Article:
secrecy was so that James could say during the trial that there was no
deal in exchange for testimony.
But the appeals court said the prosecutor's action in knowingly allowing
false testimony from James and then failing to correct the record violated
constitutional due process principles articulated by the U.S. Supreme
Court in 1959.
In addition, the court noted, Van Oss deceived the trial judge by saying
during pretrial hearings that there had been "no negotiations" and "no
Circuit Judge Sidney Thomas wrote, "One of bedrock principles of our
democracy. . . is that the state may not use false evidence to obtain a
The 9th Circuit panel also said, "Our criminal justice system depends on
the integrity of the attorneys who present their cases to the jury. When
even a single conviction is obtained through perjurious or deceptive
means, the entire foundation of our system of justice is weakened."
The decision to overturn Hayes's conviction was made by a 7-4 vote of an
11-judge panel. The 4 dissenting judges agreed that the deliberate use of
false testimony was "repugnant," but said they did not think the withheld
information would have affected the jury's verdict.
Hayes took his appeal to the federal court system in a habeas corpus
petition after the California Supreme Court upheld his conviction and
sentence in 1990.
In 2002, a 3-judge panel of the 9th Circuit upheld the conviction by a 2-1
vote. But last fall, the full 9th Circuit agreed to have the case
reconsidered by an expanded 11-judge panel, which issued its decision
(source: Bay City News)
U.S. Supreme Court denies death row inmate's appeal
The U.S. Supreme Court on Monday denied to hear the appeal of a
Mississippi death row inmate convicted in the death of a Harrison County
Gerald James Holland was convicted of capital murder and sentenced to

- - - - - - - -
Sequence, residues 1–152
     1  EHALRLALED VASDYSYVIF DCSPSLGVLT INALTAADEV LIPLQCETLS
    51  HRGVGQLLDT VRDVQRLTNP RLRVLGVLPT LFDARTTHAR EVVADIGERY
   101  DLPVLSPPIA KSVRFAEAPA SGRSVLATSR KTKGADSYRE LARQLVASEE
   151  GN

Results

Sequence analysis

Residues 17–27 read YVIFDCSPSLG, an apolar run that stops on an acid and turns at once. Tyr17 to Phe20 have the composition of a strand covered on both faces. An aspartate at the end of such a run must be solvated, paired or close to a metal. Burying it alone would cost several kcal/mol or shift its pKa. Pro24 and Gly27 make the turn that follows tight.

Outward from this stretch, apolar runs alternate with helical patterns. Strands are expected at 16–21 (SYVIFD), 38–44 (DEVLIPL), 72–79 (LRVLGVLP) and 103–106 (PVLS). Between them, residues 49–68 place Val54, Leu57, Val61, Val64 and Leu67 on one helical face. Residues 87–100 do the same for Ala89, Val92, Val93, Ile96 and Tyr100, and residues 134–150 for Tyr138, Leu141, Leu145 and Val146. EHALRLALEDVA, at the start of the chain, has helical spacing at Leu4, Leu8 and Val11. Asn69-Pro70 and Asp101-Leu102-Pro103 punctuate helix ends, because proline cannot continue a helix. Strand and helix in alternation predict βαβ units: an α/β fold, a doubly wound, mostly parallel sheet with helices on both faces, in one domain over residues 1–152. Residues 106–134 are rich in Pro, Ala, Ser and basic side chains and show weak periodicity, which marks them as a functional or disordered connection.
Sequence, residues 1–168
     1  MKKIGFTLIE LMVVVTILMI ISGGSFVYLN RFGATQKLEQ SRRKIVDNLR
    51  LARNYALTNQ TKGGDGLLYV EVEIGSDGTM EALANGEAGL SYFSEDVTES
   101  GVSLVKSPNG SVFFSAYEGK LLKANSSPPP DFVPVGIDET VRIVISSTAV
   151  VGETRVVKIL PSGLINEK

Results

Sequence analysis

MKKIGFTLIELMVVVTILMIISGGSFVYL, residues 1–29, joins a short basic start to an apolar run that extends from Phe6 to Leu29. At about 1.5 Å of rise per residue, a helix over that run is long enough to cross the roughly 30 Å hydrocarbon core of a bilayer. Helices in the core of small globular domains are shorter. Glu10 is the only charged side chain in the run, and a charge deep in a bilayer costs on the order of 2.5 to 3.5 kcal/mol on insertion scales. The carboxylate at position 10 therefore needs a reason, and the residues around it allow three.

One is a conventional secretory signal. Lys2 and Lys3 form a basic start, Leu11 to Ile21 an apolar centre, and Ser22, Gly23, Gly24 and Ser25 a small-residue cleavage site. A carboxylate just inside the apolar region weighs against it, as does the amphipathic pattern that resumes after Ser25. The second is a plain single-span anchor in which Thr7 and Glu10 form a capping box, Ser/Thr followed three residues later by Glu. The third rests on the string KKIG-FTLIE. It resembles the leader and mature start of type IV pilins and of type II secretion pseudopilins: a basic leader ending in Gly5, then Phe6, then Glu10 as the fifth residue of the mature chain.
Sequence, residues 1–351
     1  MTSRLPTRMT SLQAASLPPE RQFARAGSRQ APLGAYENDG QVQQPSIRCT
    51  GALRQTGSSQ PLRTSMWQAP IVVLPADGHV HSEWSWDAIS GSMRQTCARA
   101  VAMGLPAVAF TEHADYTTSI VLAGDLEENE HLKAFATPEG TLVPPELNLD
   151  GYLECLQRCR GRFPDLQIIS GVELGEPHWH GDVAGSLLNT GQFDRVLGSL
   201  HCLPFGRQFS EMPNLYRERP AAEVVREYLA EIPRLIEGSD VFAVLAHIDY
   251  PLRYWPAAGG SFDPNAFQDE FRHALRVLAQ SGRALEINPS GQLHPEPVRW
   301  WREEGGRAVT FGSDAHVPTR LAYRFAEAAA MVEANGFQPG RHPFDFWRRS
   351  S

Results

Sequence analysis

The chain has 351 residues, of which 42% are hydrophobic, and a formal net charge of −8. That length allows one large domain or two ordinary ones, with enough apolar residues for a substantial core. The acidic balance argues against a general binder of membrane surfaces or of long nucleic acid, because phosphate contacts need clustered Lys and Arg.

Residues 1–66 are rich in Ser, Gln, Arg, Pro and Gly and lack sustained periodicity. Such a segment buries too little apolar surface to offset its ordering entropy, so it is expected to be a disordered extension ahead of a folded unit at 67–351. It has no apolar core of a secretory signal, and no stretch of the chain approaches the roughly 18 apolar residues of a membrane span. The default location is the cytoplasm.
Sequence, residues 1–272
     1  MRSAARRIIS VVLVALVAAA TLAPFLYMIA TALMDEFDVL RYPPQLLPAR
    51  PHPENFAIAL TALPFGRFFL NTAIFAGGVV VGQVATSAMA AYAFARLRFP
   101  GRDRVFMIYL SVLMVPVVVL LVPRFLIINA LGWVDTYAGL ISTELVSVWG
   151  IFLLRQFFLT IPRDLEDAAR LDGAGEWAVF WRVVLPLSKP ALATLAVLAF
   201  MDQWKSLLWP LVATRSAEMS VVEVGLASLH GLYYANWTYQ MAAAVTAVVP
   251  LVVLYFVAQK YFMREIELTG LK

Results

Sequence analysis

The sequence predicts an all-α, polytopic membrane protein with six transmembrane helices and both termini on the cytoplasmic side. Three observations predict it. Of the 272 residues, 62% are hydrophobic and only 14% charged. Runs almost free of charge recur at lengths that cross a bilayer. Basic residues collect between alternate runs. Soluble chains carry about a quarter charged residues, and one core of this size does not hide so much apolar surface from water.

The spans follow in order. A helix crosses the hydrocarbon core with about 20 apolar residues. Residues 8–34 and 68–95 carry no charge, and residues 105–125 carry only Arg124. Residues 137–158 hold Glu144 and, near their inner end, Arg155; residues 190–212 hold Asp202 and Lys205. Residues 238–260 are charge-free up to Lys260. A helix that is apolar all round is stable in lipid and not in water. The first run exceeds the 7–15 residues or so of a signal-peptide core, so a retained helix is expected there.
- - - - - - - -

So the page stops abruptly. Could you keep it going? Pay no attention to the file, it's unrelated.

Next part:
death in 1987 in the slaying of 15-year-old Krystal King. Harrison County
authorities said King was raped, beaten and stabbed. The cause of death
was asphyxiation caused by choking, authorities said.
The Mississippi Supreme Court in 1991 upheld Holland's conviction but
threw out the death sentence.
Holland was re-sentenced to death in 1993 by a Harrison County jury. The
Mississippi high court upheld the 2nd death sentence in 1997.
On appeal to the U.S. Supreme Court, Holland claimed ineffective counsel,
citing errors such as failure to present testimony from friends and
acquaintances "which would in any way humanize" him.
(source: Associated Press)
Trial issue: Is Morristown murder suspect retarded? --2 sides weigh
appeals in boy's death as judge looks for help
With no guidance from the Legislature, a Morris County judge yesterday
became the first in New Jersey to establish a procedure to determine if a
murder suspect is mentally retarded and automatically spared a death
The attorneys for accused child-killer Porfirio Jimenez and the
prosecution found fault with Superior Court Judge Salem Ahto's
multilayered plan with shifting burdens of proof, and both said they were
contemplating an appeal.
Ahto admitted he struggled to come up with a way to address the issue, and
appealed to lawmakers to intervene.